O.C. man is shot after surprising graffiti vandals
A Garden Grove man was recovering Monday from gunshot wounds he suffered when he surprised two taggers defacing a wall near his home, police said.
The 43-year-old man and his family arrived home at about 9:30 p.m. Sunday, and he moved his work truck in the 13000 block of Robyn Court. According to a police report, the two suspects were crossing out rival gang graffiti on a nearby wall.
The male suspects fired several shots, wounding the man in the chest, arm and leg, police said. The suspects ran off, and no arrests had been made, Lt. Robert Fowler said.
The man, whose identity was withheld for his protection, was listed in critical condition Monday at UCI Medical Center in Orange and was expected to recover, Fowler said.
It does not appear that the victim, who police said is not a gang member, provoked the suspects.
The incident was at least the fourth time in just over a year that taggers have stabbed or shot people who caught them vandalizing property.
Kevin Ruiz, a retired Santa Ana police officer who spent much of his career investigating gangs, said tagging was normally a misdemeanor that could quickly turn violent.
“When taggers are confronted by citizens,” he said, “it’s a fight-or-flight reaction. They don’t want to get caught, especially if they’re on parole or have outstanding warrants. A lot of times they don’t plan on killing someone, but in some cases events are set in motion. If they have a gun they can put an end to it quickly.”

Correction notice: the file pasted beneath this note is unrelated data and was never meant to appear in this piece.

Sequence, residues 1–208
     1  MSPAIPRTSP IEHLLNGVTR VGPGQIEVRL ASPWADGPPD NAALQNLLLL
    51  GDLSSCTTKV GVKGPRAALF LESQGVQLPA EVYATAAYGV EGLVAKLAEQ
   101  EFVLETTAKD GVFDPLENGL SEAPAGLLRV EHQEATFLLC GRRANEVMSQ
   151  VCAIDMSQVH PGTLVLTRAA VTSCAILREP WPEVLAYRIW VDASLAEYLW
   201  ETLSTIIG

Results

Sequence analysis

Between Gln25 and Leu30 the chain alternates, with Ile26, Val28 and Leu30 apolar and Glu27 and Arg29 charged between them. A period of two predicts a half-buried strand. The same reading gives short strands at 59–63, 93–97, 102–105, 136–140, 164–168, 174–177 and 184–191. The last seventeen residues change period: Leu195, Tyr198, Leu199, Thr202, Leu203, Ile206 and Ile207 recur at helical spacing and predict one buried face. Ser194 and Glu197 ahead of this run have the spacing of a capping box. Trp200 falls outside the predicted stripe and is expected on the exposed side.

In February 2007 a retired Los Angeles County sheriff’s deputy was stabbed and briefly hospitalized after he confronted a tagger behind a Huntington Beach pet store. A 16-year-old was arrested on suspicion of assault with a deadly weapon.
Later in the year, two incidents in which women were killed highlighted the growing violence by taggers on people who catch them spraying graffiti.
Maria Elena Hicks, 57, was driving home Aug. 10, 2007, when she spotted a teenager tagging a wall near her Pico Rivera house. She honked and flashed the car lights at him.
The boy began walking away, followed by Hicks in her car. From out of the darkness, a car pulled up behind and a gunman fired several rounds through her car’s rear window. Hicks was struck in the head and died three days later. Four suspects, ranging in age from 16 to 21, were charged in her killing.
Ten days after Hicks’ death, a 65-year-old woman was shot and killed in Hesperia, Calif., after she and her family questioned taggers spray-painting trash cans and the wall of their apartment building.
Seutatia Tausili was shot in the chest and died an hour later. Her grandson was shot in the leg. At least three men were arrested in the shootings.
At least one city is taking measures to deter taggers. Montebello installed a $1-million anti-graffiti system that includes cameras with sensors that police said react to the sound emitted from an aerosol can as far as 80 feet away.
In Los Angeles, surveillance cameras triggered by motion sensors take photographs and play a recorded warning in areas plagued by graffiti and illegal dumping.
Fowler, of the Garden Grove Police Department, advised people not to confront taggers.
“They carry weapons. So keep an eye on them and call us,” he said.